One of them passes here frequently,
At least once a day, sometimes twice.
He never stops, even when we ask
His name. He won’t look at you, or say
Where he’s going. People have tasks
They’d gladly pay him for, but he’s
Not interested. He scours the downtown,
And promptly at noon, like clockwork, pees
Against the wall under the bridge.
You can see him if you want.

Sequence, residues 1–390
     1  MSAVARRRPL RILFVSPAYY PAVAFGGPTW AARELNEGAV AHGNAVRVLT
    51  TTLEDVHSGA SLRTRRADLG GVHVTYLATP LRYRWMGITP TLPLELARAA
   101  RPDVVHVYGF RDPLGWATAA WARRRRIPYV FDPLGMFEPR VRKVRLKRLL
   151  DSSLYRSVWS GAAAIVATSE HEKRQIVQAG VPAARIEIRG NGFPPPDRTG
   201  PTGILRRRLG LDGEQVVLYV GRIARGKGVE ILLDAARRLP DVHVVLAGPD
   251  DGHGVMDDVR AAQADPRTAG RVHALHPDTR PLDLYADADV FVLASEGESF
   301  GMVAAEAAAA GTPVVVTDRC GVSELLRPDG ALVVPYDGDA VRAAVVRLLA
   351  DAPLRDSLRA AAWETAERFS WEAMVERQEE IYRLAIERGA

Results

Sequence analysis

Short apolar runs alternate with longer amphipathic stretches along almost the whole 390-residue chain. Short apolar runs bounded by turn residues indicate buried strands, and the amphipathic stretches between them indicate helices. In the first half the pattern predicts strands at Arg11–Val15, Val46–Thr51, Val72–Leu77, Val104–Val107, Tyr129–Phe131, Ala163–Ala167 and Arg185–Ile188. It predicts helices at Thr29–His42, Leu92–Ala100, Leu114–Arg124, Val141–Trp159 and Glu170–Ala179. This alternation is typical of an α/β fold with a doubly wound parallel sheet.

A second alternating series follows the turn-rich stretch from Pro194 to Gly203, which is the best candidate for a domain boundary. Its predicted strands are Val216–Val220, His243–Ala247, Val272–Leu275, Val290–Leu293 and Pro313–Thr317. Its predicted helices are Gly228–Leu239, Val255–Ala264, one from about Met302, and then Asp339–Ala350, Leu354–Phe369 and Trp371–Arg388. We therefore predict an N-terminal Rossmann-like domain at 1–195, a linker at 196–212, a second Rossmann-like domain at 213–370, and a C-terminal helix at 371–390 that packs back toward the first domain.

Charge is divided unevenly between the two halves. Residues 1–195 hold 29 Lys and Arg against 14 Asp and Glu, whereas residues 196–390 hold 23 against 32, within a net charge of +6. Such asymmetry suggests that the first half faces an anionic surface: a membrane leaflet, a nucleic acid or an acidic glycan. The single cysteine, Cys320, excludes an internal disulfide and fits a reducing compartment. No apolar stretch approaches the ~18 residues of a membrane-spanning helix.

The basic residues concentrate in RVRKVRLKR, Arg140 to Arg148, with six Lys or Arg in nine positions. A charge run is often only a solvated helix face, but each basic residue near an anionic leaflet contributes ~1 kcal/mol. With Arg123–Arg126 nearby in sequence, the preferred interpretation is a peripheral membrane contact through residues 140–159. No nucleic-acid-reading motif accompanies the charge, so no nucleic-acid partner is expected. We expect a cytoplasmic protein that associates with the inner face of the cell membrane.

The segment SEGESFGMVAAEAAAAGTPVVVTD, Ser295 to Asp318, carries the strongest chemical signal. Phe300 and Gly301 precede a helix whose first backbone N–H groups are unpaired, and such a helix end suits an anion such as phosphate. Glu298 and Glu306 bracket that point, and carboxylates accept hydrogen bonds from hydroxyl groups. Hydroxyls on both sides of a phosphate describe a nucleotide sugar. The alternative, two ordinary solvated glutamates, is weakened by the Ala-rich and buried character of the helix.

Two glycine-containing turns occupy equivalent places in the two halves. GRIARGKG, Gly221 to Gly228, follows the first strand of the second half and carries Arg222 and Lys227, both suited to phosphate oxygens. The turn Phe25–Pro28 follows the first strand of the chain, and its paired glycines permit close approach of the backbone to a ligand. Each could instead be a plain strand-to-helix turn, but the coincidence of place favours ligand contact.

People watch from the ridge
Of the hill and shake their heads.
He’s a tall man, in his sixties,
With thinning hair, and it’s said
He’s a former teacher, and a star
Athlete in his younger days.
It’s sad to see how far
He’s fallen, but what can you do?
He won’t refuse a hand-out,
Unless in the old days he knew you.
Then he backs away, with his head down.
He greets his fellow homeless,
But they don’t stick together. It’s frowned
Upon, by the powers that be. Don’t stand
Around, it’s against the law. So it goes.
It makes you want to wring your hands.
But what can you do?